The anticipation of a storm can give many pets and their owners anxiety. We don't always know why some dogs are afraid of thunder, and these types of fears may develop even if your dog has had no traumatic experiences associated with the sound. The good news is that many fear-related problems can be successfully resolved. If left untreated, however, your dog's fearful behavior can potentially become worse.
Outlet for anxiety
When a dog becomes frightened, they try to reduce their fear. They may try to escape to a place where the sounds of thunder or firecrackers are less intense. They may feel less afraid by leaving the yard or going into a certain room or area of the house.
The most common behavior challenges associated with fear of loud noises are extreme fear behaviors, such as salivating and trembling, and destruction of crates or other objects as a means of escaping or hiding. For some dogs, just the activity or physical exertion associated with one of these behaviors may be an outlet for their anxiety. Unfortunately, escape and/or destructive behavior can be a problem for you and could also result in physical injury to your dog.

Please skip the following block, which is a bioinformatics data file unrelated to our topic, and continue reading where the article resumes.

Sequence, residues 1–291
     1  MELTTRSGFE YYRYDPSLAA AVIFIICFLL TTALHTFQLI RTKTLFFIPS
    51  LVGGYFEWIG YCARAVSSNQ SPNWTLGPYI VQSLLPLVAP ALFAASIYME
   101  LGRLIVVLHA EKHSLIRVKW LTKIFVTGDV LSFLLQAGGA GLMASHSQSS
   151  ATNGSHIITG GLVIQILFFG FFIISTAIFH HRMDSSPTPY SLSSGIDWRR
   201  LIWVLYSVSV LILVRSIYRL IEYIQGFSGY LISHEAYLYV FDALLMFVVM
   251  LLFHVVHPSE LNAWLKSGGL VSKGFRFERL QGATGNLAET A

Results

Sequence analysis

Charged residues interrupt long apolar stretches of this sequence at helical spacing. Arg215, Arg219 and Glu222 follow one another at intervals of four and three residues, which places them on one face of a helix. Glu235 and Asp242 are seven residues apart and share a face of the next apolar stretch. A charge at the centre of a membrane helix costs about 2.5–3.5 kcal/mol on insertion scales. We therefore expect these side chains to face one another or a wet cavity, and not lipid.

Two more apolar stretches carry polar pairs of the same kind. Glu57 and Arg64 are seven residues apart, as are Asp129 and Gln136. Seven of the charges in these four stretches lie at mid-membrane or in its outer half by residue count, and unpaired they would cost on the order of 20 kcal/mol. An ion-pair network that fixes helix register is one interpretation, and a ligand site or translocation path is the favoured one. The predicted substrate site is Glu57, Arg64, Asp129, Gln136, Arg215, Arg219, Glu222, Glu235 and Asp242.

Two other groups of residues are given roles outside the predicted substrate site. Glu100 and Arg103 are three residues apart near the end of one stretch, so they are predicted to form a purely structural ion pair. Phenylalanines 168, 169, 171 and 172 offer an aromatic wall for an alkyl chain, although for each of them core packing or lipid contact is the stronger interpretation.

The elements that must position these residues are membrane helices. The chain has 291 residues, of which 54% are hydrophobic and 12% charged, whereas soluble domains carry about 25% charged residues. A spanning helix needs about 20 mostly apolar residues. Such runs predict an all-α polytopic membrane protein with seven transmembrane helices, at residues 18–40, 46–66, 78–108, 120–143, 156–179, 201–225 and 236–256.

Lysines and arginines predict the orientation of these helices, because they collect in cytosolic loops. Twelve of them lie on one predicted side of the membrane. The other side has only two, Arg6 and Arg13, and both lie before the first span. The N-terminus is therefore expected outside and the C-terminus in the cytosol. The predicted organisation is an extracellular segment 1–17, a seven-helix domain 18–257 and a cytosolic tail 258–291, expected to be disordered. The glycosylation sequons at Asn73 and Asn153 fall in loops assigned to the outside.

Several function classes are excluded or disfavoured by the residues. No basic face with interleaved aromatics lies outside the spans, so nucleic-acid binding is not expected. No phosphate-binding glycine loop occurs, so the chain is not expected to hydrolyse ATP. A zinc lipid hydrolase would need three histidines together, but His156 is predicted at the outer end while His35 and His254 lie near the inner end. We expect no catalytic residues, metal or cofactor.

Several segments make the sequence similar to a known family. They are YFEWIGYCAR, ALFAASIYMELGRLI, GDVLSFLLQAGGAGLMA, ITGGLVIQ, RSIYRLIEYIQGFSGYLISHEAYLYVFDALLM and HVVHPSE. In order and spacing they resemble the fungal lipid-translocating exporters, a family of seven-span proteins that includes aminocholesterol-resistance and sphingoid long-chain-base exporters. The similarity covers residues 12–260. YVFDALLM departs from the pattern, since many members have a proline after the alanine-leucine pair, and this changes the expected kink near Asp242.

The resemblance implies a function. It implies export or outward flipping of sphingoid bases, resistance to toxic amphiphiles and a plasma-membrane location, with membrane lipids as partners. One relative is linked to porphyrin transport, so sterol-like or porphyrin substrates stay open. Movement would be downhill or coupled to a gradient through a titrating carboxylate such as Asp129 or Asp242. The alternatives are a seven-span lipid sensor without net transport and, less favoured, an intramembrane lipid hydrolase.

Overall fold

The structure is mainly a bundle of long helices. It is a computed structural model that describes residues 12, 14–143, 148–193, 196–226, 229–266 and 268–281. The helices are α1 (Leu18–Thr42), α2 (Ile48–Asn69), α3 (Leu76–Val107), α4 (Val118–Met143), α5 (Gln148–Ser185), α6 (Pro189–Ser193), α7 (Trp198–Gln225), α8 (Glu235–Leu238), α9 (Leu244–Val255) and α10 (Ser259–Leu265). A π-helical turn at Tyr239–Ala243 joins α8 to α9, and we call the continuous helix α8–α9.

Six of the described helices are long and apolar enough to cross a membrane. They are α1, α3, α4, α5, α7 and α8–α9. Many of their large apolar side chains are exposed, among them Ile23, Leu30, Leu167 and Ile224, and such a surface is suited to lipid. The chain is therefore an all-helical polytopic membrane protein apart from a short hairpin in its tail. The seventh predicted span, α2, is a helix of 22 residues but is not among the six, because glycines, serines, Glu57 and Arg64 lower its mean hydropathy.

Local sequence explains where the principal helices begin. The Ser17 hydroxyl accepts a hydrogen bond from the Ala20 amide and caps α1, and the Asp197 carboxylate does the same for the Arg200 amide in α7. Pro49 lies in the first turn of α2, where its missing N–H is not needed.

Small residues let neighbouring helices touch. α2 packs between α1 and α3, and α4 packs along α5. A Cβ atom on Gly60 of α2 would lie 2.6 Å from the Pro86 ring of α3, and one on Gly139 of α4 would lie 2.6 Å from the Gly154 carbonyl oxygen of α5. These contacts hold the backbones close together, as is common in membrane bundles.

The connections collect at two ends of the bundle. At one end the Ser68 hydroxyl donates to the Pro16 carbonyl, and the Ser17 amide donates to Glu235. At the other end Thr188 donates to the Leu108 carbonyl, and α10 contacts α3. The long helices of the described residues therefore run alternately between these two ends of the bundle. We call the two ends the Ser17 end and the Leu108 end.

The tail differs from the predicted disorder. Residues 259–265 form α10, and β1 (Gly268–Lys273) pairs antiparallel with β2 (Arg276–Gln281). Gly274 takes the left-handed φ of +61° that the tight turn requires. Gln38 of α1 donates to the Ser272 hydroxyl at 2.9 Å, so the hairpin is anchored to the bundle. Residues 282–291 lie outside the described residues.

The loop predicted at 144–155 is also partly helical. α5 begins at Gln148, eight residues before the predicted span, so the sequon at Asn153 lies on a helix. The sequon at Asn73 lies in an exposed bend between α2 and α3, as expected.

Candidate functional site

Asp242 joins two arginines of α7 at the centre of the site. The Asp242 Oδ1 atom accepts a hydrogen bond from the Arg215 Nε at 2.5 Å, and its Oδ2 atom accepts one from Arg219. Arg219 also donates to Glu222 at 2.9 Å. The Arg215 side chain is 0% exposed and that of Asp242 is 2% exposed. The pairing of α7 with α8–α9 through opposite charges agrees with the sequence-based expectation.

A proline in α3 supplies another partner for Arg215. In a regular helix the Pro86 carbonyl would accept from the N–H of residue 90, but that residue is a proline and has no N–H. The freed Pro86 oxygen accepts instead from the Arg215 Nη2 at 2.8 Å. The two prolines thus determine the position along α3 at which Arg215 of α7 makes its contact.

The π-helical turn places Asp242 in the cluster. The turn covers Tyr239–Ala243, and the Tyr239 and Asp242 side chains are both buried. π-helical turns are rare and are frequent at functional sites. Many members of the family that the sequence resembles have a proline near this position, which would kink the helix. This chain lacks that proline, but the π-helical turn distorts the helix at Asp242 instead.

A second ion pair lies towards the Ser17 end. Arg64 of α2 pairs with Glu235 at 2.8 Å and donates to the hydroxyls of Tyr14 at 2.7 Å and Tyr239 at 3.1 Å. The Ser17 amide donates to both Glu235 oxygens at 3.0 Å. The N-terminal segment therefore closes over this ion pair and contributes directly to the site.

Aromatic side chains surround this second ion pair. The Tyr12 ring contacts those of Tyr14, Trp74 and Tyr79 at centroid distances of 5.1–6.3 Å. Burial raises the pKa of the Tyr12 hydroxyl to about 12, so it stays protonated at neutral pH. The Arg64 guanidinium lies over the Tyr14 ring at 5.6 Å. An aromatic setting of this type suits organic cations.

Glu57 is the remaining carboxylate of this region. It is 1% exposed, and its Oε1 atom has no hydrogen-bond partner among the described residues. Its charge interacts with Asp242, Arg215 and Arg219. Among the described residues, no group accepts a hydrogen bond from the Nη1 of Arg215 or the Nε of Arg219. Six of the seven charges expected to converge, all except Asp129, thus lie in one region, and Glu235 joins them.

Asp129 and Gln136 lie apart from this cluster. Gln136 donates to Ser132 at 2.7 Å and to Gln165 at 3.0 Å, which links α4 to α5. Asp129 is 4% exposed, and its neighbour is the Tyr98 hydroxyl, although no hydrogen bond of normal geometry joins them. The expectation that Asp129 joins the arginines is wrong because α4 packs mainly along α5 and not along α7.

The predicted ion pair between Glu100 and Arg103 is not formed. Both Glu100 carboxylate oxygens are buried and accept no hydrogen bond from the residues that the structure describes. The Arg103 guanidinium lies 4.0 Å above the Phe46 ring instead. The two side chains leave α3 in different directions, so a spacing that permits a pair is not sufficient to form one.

Fear by association
Your dog may also begin to associate a particular startling noise with other things in their environment and they may grow afraid of these other things because they are associated with the frightening loud noise. For example, dogs who are afraid of thunder may later become afraid of the wind, dark clouds and flashes of light that often precede the sound of thunder.
Dogs who do not like the sound of firecrackers may become afraid to go in the backyard, if that's where they usually hear the noise.
What you can do for a dog scared of thunder
1. Create a safe place
Create a safe place for your dog to go when they hear noises that frighten them. Notice where they go (or try to go) when afraid. If possible, give them access to that place. If they're trying to get inside the house, consider installing a dog door. If they're trying to get under your bed, give them access to your bedroom.
You can also create a "hidey-hole," such as a covered crate, that is dark, small and shielded from the frightening sound as much as possible. Encourage them to go there when you're home and the thunder or other noise occurs. Consider using a fan or radio near the spot to help muffle the sound. Feed them in that location and help your dog associate that spot with other good things that happen there. They must be able to come and go from this location freely. Confining them in a crate or other small space when they don't want to be there will only cause more anxiety.
The "safe place" approach may work with some dogs, but not all. Some dogs are motivated to move and be active when frightened and "hiding out" won't help them feel less fearful.
2. Distract your dog
This method works best when your dog is just beginning to get anxious. Encourage them to engage in any activity that captures their attention and distracts them from the thing they’re afraid of.